# Most efficient way to stack vectors on the fourth dimension

let `x=[1 2; 3 4]` and `y=copy(x)` I want to stack the two arrays together on the 4th dimension.

E.g. `xy = cat(x, y, dims=4)` will get what I wanted

However the above is fine but when you apply the same technique to a large data such as the MNIST dataset the speed is really slow e.g.

``````using Flux, Flux.Data.MNIST
imgs = MNIST.images()
X = cat(float.(imgs)..., dims = 4) # SLOW!!!
``````

What’s the most efficient code to create `X`? (which is done by stacking 60,000 28x28 matrices together on the 4th dimension.)

I assume you want to stack 3-dimensional arrays (and not matrices) along `dims=4`.

I would permute dimensions (`permutedims`), flatten (`vec`), then use `reduce(hcat, ...)` which is optimized, and finally `reshape` and `permutedims` back.

``````function my_cat(X)
k = length(X)
k == 0 && return nothing

s = size(X[1])
T = eltype(X[1])
@assert length(s) == 2
@assert all(x -> s == size(x), X)
@assert all(x -> T == eltype(x), X)

n = prod(s)
Y_vec = Vector{T}(undef, k*n)
offset = 0
for x in X
@inbounds Y_vec[offset + 1: offset + length(x)] .= vec(x)
offset += length(x)
end
Y = reshape(Y_vec, size(X[1])..., 1, k)
return Y
end

x = [1 2; 3 4];
y = copy(x);
X = [x, y];
my_cat(X)
``````
1 Like

Correct. Because it’s image data with height width and colour channels; that makes 3 dims. But the data is just grey images so the colourchannel dim disappears

I made a package for this:

``````@cast stacked[i,j,_,n] := xlist[n][i,j] |> float
``````

Assuming `xlist = [x,y]` are your images, and you really did mean 4th dimension not 3rd.

It’s just doing something like `reduce(hcat,…)`, but the point is not to have to add a comment `# axes are row,col,colour,number` or a docstring to the function you write.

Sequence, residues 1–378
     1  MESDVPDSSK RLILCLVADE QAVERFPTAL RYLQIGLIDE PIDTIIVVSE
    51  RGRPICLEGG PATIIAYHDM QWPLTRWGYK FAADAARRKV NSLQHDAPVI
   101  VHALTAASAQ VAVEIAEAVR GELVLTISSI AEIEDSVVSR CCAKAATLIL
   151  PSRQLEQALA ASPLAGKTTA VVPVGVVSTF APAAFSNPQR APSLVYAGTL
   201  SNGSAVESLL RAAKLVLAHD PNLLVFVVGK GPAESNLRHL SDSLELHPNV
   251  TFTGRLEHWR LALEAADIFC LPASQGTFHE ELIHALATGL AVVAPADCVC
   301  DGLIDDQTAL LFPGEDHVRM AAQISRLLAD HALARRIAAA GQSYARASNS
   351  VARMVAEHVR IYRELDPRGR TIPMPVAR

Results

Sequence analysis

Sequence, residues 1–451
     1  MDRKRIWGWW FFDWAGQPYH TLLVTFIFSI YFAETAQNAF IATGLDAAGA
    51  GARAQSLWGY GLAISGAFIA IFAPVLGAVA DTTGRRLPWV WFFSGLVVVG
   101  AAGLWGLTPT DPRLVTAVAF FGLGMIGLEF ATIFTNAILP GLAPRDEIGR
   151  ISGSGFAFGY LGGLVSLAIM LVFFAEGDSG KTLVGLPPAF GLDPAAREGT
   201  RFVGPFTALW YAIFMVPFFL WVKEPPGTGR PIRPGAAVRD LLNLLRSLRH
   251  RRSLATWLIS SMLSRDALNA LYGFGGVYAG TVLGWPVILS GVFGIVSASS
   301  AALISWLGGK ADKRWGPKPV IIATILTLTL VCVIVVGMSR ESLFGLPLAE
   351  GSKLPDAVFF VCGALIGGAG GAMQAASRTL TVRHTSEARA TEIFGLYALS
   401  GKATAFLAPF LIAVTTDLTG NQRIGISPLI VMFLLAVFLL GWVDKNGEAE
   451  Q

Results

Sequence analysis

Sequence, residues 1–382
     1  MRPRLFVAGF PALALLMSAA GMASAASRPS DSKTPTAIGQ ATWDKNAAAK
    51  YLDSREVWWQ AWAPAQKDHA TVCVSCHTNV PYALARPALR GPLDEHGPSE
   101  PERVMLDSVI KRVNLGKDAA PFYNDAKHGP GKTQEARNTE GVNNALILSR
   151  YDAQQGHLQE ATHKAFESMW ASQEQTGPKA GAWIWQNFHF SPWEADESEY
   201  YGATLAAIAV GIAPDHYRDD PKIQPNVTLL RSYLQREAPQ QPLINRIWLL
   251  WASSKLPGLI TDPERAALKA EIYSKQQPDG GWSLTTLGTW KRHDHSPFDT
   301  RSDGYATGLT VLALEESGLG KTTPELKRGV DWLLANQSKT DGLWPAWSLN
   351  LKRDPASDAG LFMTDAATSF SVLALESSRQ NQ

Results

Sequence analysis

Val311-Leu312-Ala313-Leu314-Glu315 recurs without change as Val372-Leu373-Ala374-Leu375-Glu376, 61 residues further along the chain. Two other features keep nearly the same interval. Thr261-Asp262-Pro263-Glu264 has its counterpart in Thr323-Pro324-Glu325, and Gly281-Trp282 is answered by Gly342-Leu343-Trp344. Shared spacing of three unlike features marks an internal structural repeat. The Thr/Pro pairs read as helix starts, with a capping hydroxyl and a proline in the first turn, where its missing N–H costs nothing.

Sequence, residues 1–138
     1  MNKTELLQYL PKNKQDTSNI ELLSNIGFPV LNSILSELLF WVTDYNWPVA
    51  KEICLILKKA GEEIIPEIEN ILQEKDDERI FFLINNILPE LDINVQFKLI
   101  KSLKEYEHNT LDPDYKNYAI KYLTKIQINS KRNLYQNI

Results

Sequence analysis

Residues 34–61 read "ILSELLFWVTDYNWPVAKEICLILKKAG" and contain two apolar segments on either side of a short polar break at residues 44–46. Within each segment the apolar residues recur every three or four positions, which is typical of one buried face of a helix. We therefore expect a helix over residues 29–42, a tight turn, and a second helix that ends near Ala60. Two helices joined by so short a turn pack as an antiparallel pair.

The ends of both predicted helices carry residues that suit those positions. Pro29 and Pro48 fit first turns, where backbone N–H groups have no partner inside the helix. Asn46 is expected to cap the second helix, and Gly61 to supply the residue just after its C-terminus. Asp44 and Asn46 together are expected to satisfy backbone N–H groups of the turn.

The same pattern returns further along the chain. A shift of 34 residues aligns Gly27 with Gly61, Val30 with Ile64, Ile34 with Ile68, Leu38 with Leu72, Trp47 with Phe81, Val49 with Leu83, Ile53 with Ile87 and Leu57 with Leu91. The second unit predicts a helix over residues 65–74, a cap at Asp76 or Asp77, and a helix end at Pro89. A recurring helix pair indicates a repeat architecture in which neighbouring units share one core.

Edit: actually that’s quite slow on all 60000. But this is fast: `lazy` uses RecursiveArrayTools to make a lazy array, instead of `reduce(cat,...)`.

``````@cast stacked[i,j,_,n] := float( imgs[n][i,j] )  lazy;
``````

(You could write `|=` rather than `:=` to indicate that you want a copy at the end, but in fact broadcasting `float` has this effect here anyway.)

2 Likes

Looks really good! This is such a great idea! Manipulating high dimensional arrays (tensors) need really good intuitive abstractions!

It would be good to include installation instructions using `Pkg.add` method as I am using juliabox.com and so it’s not as convenient to assess the REPL.

A solution inspired by your description

``````using Flux, Flux.Data.MNIST
imgs = MNIST.images()
# X = cat(float.(imgs)..., dims = 4) # SLOW!!!

x = float.(imgs)
x_stacked = reshape(reduce(hcat, vec.(x)), 28, 28, 1, 60_000)

# all checks out!!!
all([all(x[k] .== x_stacked[:,:,:,k]) for k = 1:60_000]) # true
``````

@mohamed82008 I appreciate your efforts but I like my one-liner better already

1 Like

Ah will try to figure this out, hadn’t looked in ages. I can clone but have difficulty installing. The package should be registered in a few days, then perhaps easier.

This indeed seems good. Interesting that `mapreduce(vec, hcat, x)` does not hit the same optimisation, and is very slow.

No worries. I like your solution too. Just notice that the above line allocates unnecessarily. You can use a lazy map here from https://github.com/JuliaArrays/MappedArrays.jl.

Edit: `mapreduce` will do the same but it seems that @mcabbott already commented on that.

1 Like